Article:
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Planning for a Successful Year of Beekeeping

Have you thought about how planning for a successful year of beekeeping can transform your future as a beekeeper?

Allowing yourself time for planning for a successful year of beekeeping for each season in advance will give your bees the best chance to, not only survive, but thrive. I’m working on creating an awesome beekeeping planner just for you.

In this episode:

  • You’ll learn the main tasks for planning for a successful year of beekeeping through each season.
  • Resources to be a better beekeeper, whether you’re just getting started or an old pro.
  • Beekeeping month by month.

Listen to the Podcast Episode:

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planning a year of beekeeping


Spring is kind of the beginning of a beekeeping year. If you’re new to bees then this will be when your bee packages will be arriving or you might be getting some replacement packaged bees, whatever it may be this is where it all starts.

If you’re not replacing any bees and your hives have made it through winter then you want to go ahead and inspect them on the first warm day of the year. It needs to be 50-60 degrees Fahrenheit, which is around March here in Kansas most years. The first thing you want to look for when you do that first inspection is to check for your queen. She should be laying already and there should already be a brood. You can always check on the population in your hive box to see how your bees favored through winter.

If the boxes are about 80% still full of bees then you’re doing pretty well.

But if they’re half or less than half of your population then you’re going to definitely want to check and make sure you have a queen. If you don’t then you’re going to want to re-queen that hive.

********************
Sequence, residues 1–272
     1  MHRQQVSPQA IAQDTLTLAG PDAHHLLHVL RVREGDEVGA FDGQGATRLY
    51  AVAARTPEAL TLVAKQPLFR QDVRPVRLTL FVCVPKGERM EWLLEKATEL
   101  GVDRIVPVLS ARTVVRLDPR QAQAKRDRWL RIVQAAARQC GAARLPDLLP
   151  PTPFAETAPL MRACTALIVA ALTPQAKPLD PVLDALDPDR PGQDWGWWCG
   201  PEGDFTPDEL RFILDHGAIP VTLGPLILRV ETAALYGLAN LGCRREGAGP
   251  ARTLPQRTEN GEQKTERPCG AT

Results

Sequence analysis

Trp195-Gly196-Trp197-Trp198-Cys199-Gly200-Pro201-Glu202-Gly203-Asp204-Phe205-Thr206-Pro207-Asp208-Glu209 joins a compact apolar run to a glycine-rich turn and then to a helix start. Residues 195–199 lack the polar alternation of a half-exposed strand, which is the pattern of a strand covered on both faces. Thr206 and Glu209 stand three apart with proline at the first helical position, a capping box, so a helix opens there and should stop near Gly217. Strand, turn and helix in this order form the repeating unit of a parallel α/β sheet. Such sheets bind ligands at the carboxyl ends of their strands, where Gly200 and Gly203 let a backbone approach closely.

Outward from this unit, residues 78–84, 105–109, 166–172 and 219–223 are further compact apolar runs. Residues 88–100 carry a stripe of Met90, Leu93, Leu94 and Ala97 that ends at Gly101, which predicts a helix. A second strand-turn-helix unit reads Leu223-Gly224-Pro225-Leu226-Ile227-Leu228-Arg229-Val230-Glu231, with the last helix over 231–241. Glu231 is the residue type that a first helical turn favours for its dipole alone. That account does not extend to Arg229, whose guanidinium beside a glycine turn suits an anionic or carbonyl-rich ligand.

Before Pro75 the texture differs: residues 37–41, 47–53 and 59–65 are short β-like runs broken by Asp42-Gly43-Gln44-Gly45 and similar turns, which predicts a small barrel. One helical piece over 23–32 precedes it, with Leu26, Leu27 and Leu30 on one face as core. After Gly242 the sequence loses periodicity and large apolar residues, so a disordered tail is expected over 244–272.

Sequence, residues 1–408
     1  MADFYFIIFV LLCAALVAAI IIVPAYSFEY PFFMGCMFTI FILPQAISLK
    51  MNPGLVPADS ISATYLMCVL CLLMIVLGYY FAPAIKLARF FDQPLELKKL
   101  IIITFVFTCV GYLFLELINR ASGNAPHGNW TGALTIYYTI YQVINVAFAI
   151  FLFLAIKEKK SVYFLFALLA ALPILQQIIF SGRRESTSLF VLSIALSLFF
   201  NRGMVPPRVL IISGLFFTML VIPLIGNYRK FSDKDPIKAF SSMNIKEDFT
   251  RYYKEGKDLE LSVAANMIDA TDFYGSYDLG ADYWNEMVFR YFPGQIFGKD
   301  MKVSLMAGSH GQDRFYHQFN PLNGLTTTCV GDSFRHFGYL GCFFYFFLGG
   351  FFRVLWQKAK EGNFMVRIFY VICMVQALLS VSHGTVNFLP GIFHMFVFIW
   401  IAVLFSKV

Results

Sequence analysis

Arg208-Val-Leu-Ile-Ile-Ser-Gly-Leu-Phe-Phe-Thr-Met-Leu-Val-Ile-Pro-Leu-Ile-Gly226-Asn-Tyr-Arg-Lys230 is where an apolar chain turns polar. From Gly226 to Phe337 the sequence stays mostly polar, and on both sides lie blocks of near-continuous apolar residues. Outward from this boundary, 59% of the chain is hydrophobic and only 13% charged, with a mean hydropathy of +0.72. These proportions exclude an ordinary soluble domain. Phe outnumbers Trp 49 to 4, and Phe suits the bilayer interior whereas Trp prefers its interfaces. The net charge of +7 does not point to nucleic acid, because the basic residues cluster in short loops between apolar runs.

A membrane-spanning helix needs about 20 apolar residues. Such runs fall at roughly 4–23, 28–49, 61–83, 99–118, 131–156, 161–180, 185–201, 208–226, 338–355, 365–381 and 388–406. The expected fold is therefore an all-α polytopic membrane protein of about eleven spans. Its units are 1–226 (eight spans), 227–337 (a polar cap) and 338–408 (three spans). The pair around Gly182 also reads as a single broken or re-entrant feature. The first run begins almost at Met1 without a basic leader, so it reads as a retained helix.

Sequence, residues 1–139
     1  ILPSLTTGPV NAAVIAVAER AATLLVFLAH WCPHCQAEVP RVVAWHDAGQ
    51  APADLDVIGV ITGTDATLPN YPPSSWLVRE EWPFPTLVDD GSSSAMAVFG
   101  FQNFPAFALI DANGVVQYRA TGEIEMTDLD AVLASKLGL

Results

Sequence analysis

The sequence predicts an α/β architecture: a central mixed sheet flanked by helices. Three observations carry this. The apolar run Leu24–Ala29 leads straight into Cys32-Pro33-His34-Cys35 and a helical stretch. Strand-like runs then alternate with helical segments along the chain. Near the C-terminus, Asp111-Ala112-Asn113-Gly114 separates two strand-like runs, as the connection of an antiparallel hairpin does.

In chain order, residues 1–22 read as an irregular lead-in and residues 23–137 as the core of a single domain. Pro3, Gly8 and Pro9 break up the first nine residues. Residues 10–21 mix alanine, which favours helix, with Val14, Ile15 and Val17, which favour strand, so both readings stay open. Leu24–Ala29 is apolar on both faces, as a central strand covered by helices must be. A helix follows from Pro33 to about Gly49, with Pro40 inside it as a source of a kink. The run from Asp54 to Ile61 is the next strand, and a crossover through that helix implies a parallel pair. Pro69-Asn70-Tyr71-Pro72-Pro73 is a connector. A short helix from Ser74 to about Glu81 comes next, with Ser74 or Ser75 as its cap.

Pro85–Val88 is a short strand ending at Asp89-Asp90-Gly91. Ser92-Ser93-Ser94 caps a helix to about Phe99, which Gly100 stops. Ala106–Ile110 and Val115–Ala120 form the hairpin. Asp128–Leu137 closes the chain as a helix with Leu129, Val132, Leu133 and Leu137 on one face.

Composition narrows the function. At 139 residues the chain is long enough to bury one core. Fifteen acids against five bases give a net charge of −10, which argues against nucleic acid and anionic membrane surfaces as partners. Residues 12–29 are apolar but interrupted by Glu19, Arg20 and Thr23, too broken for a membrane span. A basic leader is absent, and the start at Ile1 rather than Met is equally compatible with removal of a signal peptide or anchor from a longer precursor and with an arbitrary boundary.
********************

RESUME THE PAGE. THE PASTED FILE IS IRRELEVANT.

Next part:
If you’re doing packaged bees you’re going to want all of your boxes ready to go and you’re going to want to install them carefully. The release needs to be slow so that the queen is goes with her package. Once the bees are in the hive you’re going to want to be sure that they’re fed. I use a 2 to 1 sugar water ratio in mason jar feeders that I installed right inside the entrance. If you’re beyond your first year of beekeeping and you’re wanting to grow your hive then it may be time to split your hive which you can read more about below.


You’re going to see a lot of flight happening in April, May, and June before it gets super hot and the dandelions are in bloom. You’re going to see a lot of them feeding on the dandelions and bringing that pollen and nectar back to the hive preparing for nectar flow and honey making time. So be sure to put the supers on some time around early June.

If you’re concerned about ventilation in the hive because of heat you and use an open bottom board to help ventilation. During summer you might have a honey crop as well. You don’t want to check the hives too often because with each inspection you’re disrupting their process and bothering the bees. You really only want to check on them every two weeks. While they’re making honey you don’t need to feed them. You can take the sugar water away.